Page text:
This post was last updated on February 9th, 2024 at 12:38 pm.
I love to volunteer. At my church, I’m a Sunday school teacher, confirmation small group leader, and vacation bible school teacher, and in school, I’m a PTA member, a kindergarten room mother, and the list goes on. When my phone rings and I am asked to help more, I usually say yes. But that was before I returned to being a working mom with three boys involved in extracurricular activities. There is a struggle in my heart between wanting to make a difference by giving back, and managing my time so I can fight off exhaustion.
“Volunteers do not necessarily have the time; they just have the heart.” Elizabeth Andrew
Volunteers are the most important resource in a church. It’s hard to find reliable people who are willing to volunteer. When you find a good one, you want to ask them for more, and some people just don’t have it in their heart to say no. This leads people to over-commit, and could eventually lead to the silent epidemic: volunteer burnout.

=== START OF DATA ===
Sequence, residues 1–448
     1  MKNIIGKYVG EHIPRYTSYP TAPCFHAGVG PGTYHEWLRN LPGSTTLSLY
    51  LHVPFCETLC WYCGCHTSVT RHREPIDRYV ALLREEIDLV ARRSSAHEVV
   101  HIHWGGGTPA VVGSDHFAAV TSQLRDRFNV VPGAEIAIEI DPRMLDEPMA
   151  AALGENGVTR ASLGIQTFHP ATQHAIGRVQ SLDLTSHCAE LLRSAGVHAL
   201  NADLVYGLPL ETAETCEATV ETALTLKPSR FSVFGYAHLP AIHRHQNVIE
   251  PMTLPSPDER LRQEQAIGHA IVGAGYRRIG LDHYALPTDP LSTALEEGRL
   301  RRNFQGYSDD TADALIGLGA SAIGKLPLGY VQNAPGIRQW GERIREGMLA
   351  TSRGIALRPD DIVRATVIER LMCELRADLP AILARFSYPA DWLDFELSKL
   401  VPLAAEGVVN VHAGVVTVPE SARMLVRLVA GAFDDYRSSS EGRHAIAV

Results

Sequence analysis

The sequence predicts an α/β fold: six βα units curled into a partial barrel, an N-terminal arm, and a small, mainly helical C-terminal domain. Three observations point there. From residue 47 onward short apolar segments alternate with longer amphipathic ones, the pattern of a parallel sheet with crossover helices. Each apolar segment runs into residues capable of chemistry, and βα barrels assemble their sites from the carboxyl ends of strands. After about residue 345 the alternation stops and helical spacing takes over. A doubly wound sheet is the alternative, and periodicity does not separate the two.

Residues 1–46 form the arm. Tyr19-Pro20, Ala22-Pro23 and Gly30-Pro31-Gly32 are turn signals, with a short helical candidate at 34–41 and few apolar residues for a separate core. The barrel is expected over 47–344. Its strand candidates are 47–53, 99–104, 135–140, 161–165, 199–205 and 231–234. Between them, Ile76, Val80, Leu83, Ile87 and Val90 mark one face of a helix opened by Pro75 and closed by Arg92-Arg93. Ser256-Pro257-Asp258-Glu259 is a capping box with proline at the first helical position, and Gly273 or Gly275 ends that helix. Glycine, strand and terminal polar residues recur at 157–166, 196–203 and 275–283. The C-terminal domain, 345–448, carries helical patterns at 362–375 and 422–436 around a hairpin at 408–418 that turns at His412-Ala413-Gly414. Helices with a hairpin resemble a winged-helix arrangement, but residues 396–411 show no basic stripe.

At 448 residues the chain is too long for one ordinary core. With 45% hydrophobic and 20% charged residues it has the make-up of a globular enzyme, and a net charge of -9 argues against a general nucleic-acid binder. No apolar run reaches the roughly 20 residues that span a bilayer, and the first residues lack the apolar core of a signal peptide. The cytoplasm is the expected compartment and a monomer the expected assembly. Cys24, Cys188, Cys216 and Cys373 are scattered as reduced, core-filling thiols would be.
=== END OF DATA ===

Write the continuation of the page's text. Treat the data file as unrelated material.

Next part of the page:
Common causes of burnout
- High expectations
- Lack of support from the church leader overseeing the volunteer
- Poor self-management by the volunteer
Action your church can take
- Try to know your volunteers personality.
- Keep the lines of communication open.
- Make sure volunteers know they can say “no” if they are feeling overextended or overwhelmed.
- Make sure the work environment isn’t too demanding.
- Match the right person with the right job.
- Provide services to help with emotional burden.
- Acknowledge their work to keep them inspired.
- Be prepared to make changes as you evaluate the circumstances.
The next time my phone rings, or a volunteer request is posted in the Sunday bulletin, I’m going to have to say “no”. It’s time to limit my volunteering so I don’t feel overwhelmed. Do your volunteers know they can do the same?
Are you asking too much of your volunteers?
photo by: Svilen Milev